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Peter Grimes

Benjamin Britten 1913-1976

Opera in three acts and a prologue
Libretto by Montagu Slater based on George Crabbe's poem The Borough (1810)
First performed June 7 1945, Sadler’s Wells Theatre, London

Performed in English with German surtitles
ca. 3 hours, including 1 interval
an introductory talk, in German, begins in the upstairs foyer 30 minutes before every performance  

»Peter Grimes! Peter Grimes! Peter Grimes!« An opera about an outcast who is not encouraged to integrate. The characters in The Borough, a poem by the English poet and country priest George Crabbe on which the libretto for Benjamin Britten's opera was based, are pretty humdrum. There is a village idiot, dishonoured girls, a resigned cleric, a beggar and corruptable, bigotted respectable citizens, who hide their crimes behind their wealth. Even an old aunt, parading her beautiful nieces, is there, and the fisherman Peter Grimes, who nobody wants to work with because he is suspected of murdering his apprentice. He is the central figure in Benjamin Birtten's opera which was first performed in 1945 and is now one of the most successful and popular operas in the world. The orchestra combines the elemental force of the sea with the tragic central character's soul. A man, cast out from the lives of the villagers, finds death in the sea.

The world is rich in scapegoats: in strangers, handicapped people, suspected witches, Jews or people who love others of their own sex. There is no shortage of hounds to join the pack, no shortage of stereotypes to persecute. »I think there are a lot of Grimes' in our midst!« said Peter Pears, Britten's life partner and first Peter Grimes.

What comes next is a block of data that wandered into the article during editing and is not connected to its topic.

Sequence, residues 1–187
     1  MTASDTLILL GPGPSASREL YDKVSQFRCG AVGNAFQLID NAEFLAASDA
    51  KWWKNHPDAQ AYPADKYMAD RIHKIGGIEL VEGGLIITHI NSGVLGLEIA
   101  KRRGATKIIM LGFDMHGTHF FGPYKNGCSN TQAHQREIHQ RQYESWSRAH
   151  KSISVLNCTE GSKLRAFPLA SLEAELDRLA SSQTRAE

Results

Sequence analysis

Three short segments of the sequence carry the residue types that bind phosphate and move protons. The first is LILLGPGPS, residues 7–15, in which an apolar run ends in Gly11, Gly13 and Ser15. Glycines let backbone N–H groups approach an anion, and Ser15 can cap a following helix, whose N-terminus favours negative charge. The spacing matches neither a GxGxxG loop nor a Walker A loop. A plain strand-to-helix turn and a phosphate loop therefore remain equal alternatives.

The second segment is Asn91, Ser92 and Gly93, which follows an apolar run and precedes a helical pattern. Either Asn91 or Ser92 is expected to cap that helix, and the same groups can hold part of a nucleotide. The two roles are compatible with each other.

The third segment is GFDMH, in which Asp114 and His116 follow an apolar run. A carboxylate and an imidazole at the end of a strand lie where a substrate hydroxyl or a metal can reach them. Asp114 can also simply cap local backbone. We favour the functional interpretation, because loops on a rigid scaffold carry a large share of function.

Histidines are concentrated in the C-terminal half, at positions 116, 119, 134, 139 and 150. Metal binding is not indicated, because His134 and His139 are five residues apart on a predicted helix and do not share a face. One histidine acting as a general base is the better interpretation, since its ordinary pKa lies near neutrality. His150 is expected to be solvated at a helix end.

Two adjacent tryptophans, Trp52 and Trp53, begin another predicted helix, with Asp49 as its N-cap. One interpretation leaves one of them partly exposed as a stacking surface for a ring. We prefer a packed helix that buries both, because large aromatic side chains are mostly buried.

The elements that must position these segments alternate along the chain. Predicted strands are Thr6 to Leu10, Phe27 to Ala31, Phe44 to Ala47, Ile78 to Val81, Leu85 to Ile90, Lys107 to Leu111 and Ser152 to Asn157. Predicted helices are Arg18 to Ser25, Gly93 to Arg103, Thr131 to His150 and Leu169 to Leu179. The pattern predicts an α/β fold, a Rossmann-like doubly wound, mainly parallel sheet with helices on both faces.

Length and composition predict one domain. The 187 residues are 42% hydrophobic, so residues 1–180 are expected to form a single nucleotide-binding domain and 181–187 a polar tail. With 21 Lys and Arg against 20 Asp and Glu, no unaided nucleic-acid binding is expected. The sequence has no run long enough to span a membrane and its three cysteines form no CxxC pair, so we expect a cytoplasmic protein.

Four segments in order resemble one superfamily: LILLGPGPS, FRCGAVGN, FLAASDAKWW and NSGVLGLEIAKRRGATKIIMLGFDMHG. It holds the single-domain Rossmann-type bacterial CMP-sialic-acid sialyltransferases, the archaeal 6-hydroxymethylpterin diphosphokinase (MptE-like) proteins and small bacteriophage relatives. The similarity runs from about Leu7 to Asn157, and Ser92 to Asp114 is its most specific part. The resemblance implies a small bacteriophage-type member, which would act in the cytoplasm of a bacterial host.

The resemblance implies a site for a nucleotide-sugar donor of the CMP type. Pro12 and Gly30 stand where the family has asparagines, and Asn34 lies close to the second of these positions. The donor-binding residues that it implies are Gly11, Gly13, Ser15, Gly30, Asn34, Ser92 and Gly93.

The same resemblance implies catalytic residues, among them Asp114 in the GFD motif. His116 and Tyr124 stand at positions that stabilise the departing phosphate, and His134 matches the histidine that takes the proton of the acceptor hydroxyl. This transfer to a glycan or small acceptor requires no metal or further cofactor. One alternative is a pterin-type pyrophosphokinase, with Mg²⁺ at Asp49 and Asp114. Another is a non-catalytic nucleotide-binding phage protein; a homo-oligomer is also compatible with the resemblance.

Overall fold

Peter Grimes is questioned during an inquest into the death of his apprentice at sea. Despite being cleared of any wrong doing, rumours about his guilt continue to circulate among the villagers. Only the widowed teacher Ellen Orford dreams of a future with Grimes. ACT 1 Fishermen and women describe their tough life on the coast, made less intolerable by quantities of gin. An approaching storm unsettles everybody. All shun Grimes, only Captain Balstrode and the quack Keene help him pull up his boat. Keene has procured another apprentice for Grimes from the workhouse. Ellen Orford offers to collect the boy. A storm tide is approaching. Balstrode advises Grimes to start a new life elsewhere. Grimes holds on tight to his dream of winning the village round, through hard work and wealth, and then marrying Ellen. Balstrode warns him not to let »the old tragedy« repeat itself with the new apprentice. Late evening, in the pub, Grimes broods over life in metaphorical imagery. Balstrode prevents an argument that threatens to breakout with the other customers. Soaked by their journey through the storm, Ellen Orford arrives with the child. Despite other people's misgivings, Grimes leaves with the boy. INTERVAL, ACT 2 On a Sunday morning, while the other inhabitants are at church, Ellen Orford finds a bruise on the child's neck. Grimes arrives to take the lad out fishing, on his day of rest. Ellen reproaches Grimes, who pushes her aside and leaves with the boy. The men gather to call the fisherman to account. Grimes hears the villagers approaching while preparing to go and catch a huge shoal he has seen. He tells the boy to climb down the cliff to the boat. The child slips, falling to his death. Grimes disappears. ACT 3 A party is in full swing. Mrs Sedley voices her suspicions that Grimes, who has not been seen for days, has murdered his apprentice. Ellen, overheard by Mrs Sedley, shows Balstrode the boy's jersey, which she found by the tide-mark. The inhabitants of the Borough decide to punish the fisherman. Grimes hears the mob searching for him. Ellen and Balstrode appear. Balstrode tells Grimes to take his boat out and scuttle it. Early next morning the coastguards report that a boat is sinking. Nobody takes much notice.